With a clean slate, Healey has running room to act on urgent issues
For business community, transportation, housing and competitiveness loom large
Three issues in particular stand out for businesses of all sizes in Greater Boston: transportation, housing, and competitiveness.
The passage of Question 1 theoretically offers the new administration and the Legislature a funding stream to address transportation – if the campaign promises on spending are upheld. The hundreds of millions, if not billions, in new revenue are meant to be dedicated, “toward education, roads and bridges, and public transportation.” Yet already influential education groups are lining up to grab their slice of the pie, even as the MBTA continues to struggle with hiring, delays, and significantly lower ridership.
As businesses and developers make decisions on location, public transportation plays a critical role, not just for productivity but also for attracting and retaining talent. Who the Healey administration chooses to lead this critical agency, and how strongly they defend transportation funding from powerful education interests, will be closely watched by all corners of the business community.
Housing presents an even more daunting challenge. The past two years have taught us that building significant new multifamily housing – the only way for Massachusetts to address the affordability crisis – is brutally difficult even when the governor and Legislature jointly push for it. Already we have seen several towns attempt to thwart new laws aimed at making it easier to build housing. This historic opposition to exurban multifamily housing from municipalities puts staggering pressure on Boston’s neighborhoods, and increasingly pushes rents in Quincy, Somerville, and other nearby communities outside the reach of too many households. It also delays timelines and increases costs.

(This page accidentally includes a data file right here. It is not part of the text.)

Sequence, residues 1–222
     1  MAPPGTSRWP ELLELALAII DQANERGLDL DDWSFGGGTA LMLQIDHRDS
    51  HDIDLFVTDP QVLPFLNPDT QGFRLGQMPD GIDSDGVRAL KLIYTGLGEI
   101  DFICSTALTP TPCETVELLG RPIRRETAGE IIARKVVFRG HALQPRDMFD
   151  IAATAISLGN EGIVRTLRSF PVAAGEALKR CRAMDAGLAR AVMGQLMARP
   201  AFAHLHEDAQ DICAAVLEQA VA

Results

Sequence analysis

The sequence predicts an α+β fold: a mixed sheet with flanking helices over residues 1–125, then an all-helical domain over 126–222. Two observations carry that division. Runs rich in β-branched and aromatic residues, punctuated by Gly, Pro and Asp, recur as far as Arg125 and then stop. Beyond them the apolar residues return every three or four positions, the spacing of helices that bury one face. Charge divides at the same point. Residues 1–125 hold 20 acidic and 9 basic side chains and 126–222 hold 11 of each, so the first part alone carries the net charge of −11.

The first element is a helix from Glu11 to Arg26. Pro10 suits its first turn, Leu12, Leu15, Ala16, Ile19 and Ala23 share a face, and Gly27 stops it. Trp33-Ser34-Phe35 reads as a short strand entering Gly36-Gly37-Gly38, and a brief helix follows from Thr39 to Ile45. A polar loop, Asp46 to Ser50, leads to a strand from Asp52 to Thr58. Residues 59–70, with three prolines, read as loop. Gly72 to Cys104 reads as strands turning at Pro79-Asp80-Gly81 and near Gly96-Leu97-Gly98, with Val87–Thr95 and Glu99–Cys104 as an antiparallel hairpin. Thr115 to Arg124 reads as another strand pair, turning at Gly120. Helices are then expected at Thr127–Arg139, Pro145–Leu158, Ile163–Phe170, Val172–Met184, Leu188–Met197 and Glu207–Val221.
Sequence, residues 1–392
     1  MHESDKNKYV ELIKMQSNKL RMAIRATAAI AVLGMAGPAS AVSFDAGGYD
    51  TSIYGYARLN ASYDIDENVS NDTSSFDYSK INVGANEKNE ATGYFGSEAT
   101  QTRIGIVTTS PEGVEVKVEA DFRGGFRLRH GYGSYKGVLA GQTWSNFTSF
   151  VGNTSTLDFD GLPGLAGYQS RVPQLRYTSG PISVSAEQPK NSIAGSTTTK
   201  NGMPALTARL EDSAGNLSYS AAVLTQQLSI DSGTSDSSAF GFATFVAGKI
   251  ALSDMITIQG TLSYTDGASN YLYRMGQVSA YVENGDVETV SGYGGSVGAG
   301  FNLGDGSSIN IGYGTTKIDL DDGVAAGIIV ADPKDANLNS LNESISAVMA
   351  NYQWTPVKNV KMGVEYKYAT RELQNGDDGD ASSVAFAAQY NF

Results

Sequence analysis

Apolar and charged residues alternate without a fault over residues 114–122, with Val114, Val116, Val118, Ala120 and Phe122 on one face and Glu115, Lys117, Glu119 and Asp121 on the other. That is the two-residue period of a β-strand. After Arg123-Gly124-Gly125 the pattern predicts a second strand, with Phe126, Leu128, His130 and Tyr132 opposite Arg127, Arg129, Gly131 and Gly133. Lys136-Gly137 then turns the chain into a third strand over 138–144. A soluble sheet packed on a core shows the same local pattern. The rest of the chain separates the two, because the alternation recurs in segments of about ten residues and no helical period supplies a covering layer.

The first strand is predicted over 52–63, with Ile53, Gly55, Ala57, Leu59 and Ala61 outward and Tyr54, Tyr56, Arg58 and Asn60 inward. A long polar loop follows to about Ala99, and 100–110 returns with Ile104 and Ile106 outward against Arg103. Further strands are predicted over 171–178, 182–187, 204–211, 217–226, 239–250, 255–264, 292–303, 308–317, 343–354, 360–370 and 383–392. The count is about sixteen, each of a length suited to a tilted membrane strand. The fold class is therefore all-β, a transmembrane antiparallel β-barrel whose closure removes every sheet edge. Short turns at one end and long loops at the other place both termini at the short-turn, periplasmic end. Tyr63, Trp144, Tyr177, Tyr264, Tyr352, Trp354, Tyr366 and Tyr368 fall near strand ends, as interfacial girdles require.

The Healey administration should also work closely with Mayor Michelle Wu on a long-term plan for Boston’s financial district. It seems clear at this point that, regardless of how or when workers come back to the office, the future of the aging office towers downtown remains bleak. Buildings are mostly empty, retail sputters along at a fraction of its former pace, and debt maturities are about to come due. The reality is that very few of these buildings can be effectively converted to housing, and investors are unlikely to try and grab them as “buy-low” assets. Bold thinking and creative policies will be needed downtown, and the state and city may need to partner on an entirely new approach.
Both challenges feed into the third: keeping Massachusetts competitive. We have long been somewhat sheltered by our focus on “meds and eds,” and Cambridge’s standing as the epicenter of biotech adds increased cushion. But building new labs and commercial centers requires capital, and investors are increasingly concerned that Massachusetts is trending towards California in ways that has already led major employers to leave that state. The passage of Question 1 did nothing to alleviate those concerns.
Combined with the transportation and housing issues, the rise of workplace flexibility and the ongoing wars for talent, Massachusetts would be wise not to take the business community for granted. The Healey administration should work with the legislature on policies that encourage businesses to stay and grow here.The new governor enters office having made few promises, giving her tremendous flexibility to tackle the daunting challenges of transportation, housing, and competitiveness. The future of our economy may depend on how she uses that freedom.
Gary Kerr is managing director of Greystar and served on the Healey/Driscoll transition committee on Affordable, Abundant Housing.